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Date: -- (:)
From: Pierre Weis <pierre.weis@i...>
Subject: Re: [Caml-list] kprintf with user formatters
[...]
> Is "match pred with true -> expr1 | false -> expr2" not
> equivalent to "if pred then expr1 else expr2"? If so, isn't pattern
> matching a fourth lazy construct?

Yes indeed, if you consider ``match'' as an operator, which is a bit
hairy, since match would be a (2n+1)-ary operator (for any given
positive integer n), taking as input 1 expression (the one to be
matched) and n (pattern, expression) pairs to match the
expression. Given that there is no notion of evaluation semantics
associated to a pattern (in the sense of the evaluation of expression)
this would be strange. However, the very match expression you
mentioned has indeed something of a lazyness behavior, since it is
indeed equivalent of an ``if ... then ... else ...'' construct, as
I know you know :)

> Just after I wrote that last post I realised that this approach
> could actually be useful in numerical contexts. As a trivial
> example, integer multiply could lazily evaluate its second argument
> (only when it is pure, if conventional semantics are to be
> preserved), not needing it if the first argument is zero.

I don't think the gain would overcome the cost of having to create
thunks in practice. On the other hand, taht would lead to evaluate the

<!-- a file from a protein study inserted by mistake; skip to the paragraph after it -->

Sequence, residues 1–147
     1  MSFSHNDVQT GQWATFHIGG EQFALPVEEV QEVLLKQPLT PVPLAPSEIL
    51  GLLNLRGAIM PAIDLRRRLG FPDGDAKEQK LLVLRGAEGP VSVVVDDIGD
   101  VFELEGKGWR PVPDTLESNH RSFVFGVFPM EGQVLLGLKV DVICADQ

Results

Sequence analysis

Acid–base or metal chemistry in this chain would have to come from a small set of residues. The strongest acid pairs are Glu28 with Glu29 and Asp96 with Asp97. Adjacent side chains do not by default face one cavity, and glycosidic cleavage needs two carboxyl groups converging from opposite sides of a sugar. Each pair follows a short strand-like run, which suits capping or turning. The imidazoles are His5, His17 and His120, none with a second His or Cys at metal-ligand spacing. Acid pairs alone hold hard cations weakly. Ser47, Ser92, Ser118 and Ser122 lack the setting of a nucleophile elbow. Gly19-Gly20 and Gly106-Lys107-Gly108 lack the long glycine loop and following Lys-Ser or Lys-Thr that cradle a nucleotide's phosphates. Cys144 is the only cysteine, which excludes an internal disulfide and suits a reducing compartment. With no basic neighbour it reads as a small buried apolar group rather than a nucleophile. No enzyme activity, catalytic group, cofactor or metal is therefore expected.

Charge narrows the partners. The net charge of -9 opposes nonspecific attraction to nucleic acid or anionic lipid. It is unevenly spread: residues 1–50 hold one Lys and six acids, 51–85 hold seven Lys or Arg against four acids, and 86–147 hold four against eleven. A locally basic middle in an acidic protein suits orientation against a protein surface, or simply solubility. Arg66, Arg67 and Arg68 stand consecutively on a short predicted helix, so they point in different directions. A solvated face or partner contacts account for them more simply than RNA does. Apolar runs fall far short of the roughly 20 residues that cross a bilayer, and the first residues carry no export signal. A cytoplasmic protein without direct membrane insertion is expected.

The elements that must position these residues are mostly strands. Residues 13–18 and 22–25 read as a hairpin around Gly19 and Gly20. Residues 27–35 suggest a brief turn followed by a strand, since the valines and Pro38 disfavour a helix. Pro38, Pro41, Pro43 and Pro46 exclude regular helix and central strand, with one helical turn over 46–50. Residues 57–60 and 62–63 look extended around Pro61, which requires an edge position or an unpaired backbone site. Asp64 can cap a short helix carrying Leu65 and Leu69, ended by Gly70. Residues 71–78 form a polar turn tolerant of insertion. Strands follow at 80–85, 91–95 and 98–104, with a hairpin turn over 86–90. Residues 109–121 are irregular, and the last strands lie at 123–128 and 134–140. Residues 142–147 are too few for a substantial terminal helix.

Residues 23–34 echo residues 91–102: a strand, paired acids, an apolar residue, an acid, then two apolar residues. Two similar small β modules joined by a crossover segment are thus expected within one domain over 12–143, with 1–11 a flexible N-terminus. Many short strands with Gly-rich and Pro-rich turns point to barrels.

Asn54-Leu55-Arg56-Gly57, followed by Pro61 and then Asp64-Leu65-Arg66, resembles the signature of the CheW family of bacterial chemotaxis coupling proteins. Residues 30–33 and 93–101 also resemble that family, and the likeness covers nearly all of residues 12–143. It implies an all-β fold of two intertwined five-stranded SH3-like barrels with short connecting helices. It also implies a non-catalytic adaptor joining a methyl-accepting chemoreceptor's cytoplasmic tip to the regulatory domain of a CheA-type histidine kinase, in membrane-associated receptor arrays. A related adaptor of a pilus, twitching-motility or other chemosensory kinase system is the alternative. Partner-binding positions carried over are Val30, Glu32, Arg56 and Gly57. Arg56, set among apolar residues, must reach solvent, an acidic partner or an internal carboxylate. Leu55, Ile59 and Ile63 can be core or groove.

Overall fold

operation 0 * expr to 0, even if the computation of expr would lead to
divergence (never terminates or fails). It's mathematically kind of
weird, I think. For instance, you would have a hard time to persuade a
matematician that

0 * ln (0)

is well-defined and evaluates to 0, ``because ln (0) has not to be
considered at all given the left operand''.

Hence, as far as I know, arithmetics operators are always considered
strict in lazy languages.

> This may be useful in more complicated settings, i.e. when dealing
> with data structures rather than primitive types and when predicates
> over the data structure can be evaluated much more quickly than the
> corresponding expression.

I'm a bit lost here. Could you explain a bit ?

> Such functionality can, of course, be implemented in vanilla
> OCaml. But I'd like to see a language which allowed mathematics to
> be expressed in a notation as close to conventional written form as
> possible (although I prefer type distinctions, like "+" vs "+.")
> whilst retaining efficiency (I'd also like to see deforesting,
> e.g. in vector expressions without having to resort to maps, folds
> etc.).

Yes, we all want such a language. Caml is the best approximation I
know, wrt a perfect match between efficiency and notational facility.

> Perhaps an OCaml -> OCaml optimising compiler would be a good
> project for someone? That way implementation details and their
> benefits can be examined without having to touch the OCaml
> compilers. I think it could be quite fun to play with such a
> thing...
>
> Cheers,
> Jon.

Yes, many people have dreamed upon (or even have planned to do) such a
tool in the past. These days, the availability of the camlp4 tools
would help a lot to perform such a goal...

Best regards,

Pierre Weis

INRIA, Projet Cristal, http://pauillac.inria.fr/~weis

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